|Title||The Refugee Nation|
|Campaign||The Refugee Nation|
|Business Sector||Charities, Foundations, Volunteers|
|Story|| The Refugee Nation brought about a long overdue change in conversation about refugees across the globe. For the first time in the Rio Olympics, the world saw a small team of ten refugees make the biggest visual statement by waving The Refugee Flag with pride and march into the arena. Making the flag a powerful symbol of solidarity for the refugee community worldwide.|
Till date, The Refugee Nation has generated more than 5 Billion media impression, which is a 150% increase from last year. Yet the cultural impact this project has made is what’s most rewarding to us.
The 2016 Olympics may have ended two years ago, but The Refugee Nation Flag still waves on. The flag was adopted by refugee athletes, communities and their supporters around the world. The flag flies at the most important camps such as Lesbos (Greece), Kakuma (Kenya) and Zaatari (Jordan), Templehof (Germany) and in Bangladesh, which is home to over 600,000 Rohingyan refugees.
The flag has been used by many NGO’s to represent their own activities globally. Students and faculty across the US have waved the flag from coast to coast, representing their openness to welcome refugees. The Refugee Flag was present at the most political Oscars ever, where celebrities wore it on their chest as a badge of honor. It marched with millions of women in Washington, and appeared in the streets of Manhattan to protest President Trump’s xenophobic immigration policies.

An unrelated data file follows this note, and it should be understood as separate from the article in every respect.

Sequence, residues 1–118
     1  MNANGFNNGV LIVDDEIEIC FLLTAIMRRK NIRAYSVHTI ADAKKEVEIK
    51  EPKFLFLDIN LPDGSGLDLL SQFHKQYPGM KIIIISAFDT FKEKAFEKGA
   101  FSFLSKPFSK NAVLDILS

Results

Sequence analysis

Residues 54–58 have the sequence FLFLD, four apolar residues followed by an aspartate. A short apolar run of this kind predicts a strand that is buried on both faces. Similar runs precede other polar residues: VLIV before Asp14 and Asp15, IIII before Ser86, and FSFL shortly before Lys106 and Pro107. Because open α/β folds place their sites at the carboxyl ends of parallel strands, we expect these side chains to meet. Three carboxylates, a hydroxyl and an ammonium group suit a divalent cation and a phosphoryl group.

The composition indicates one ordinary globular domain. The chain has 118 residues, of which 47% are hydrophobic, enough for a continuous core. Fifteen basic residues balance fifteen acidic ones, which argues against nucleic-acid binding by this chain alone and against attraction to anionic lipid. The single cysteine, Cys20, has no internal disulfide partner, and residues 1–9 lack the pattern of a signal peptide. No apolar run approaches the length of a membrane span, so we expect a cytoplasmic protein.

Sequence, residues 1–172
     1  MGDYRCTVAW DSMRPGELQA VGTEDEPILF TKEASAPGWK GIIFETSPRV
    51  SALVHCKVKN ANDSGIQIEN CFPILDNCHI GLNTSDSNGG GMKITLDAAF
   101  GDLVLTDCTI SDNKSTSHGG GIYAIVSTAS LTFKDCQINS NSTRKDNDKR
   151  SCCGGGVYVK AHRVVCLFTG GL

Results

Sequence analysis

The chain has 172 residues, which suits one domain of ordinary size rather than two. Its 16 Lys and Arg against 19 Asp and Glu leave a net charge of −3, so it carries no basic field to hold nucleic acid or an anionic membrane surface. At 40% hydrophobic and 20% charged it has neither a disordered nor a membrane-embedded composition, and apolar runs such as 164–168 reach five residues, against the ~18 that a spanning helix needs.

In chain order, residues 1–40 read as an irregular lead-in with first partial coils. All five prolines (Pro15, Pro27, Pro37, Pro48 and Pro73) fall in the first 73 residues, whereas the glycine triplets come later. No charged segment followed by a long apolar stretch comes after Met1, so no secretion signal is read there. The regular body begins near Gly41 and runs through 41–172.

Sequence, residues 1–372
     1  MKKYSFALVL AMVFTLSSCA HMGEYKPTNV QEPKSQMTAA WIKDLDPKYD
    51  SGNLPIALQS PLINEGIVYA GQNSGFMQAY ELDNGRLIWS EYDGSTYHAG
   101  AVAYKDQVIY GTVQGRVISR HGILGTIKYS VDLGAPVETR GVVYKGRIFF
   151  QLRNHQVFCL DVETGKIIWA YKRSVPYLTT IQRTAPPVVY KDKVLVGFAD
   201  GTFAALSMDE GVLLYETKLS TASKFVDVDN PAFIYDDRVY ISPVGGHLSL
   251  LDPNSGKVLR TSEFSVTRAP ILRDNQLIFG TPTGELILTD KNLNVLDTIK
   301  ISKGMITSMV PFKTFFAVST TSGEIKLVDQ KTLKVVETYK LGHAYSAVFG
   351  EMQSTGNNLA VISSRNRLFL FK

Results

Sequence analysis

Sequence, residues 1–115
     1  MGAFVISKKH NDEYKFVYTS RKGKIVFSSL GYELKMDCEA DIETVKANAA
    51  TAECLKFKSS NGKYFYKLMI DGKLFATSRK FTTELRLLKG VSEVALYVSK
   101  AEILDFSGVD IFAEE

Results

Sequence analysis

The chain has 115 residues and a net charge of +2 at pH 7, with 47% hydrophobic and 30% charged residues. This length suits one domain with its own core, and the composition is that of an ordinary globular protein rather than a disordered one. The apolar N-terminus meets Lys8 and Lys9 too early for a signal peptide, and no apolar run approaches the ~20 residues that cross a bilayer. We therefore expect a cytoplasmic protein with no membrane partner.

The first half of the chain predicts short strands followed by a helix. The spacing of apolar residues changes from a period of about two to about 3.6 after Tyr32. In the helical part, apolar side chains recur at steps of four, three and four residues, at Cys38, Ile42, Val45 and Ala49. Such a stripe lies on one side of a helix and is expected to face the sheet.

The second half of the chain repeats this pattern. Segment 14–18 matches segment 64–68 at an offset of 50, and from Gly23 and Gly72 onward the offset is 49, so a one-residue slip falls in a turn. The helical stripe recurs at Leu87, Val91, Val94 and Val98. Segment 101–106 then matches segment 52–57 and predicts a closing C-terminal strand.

Since last year, the flag has also generated job opportunities for refugees arriving in Europe, through a program called Makers Unite. It makes use of abandoned life vests that were worn by refugees, to create mini flags which are sold online and at The Rijksmuseum Museum.
The Refugee Nation flag has also made its way into modern culture and is exhibited at the most popular museums across the globe to more than 20 million visitors. Some of these museums include The MoMA (NYC), V&A Museum (London), National Museum of Arts and History Rijksmuseum, Amsterdam and many more hotspots around the world.
What started off as a statement during the 2016 Olympics, has now evolved into a worldwide stand for refugees everywhere.
|Media Type||Case Study|
|Creative Direction||Alfonso Marian|
|Creative Direction||Corinna Falusi|
|Creative Direction||ARTUR LIPORI|
|Creative Direction||CARO REBELLO|
|Creative Direction||Ricard Valero|
|Design Creative Direction||Bastien Baumann|
|Animations and website||Lucas Camargo|
|Animations and website||Justin Au|
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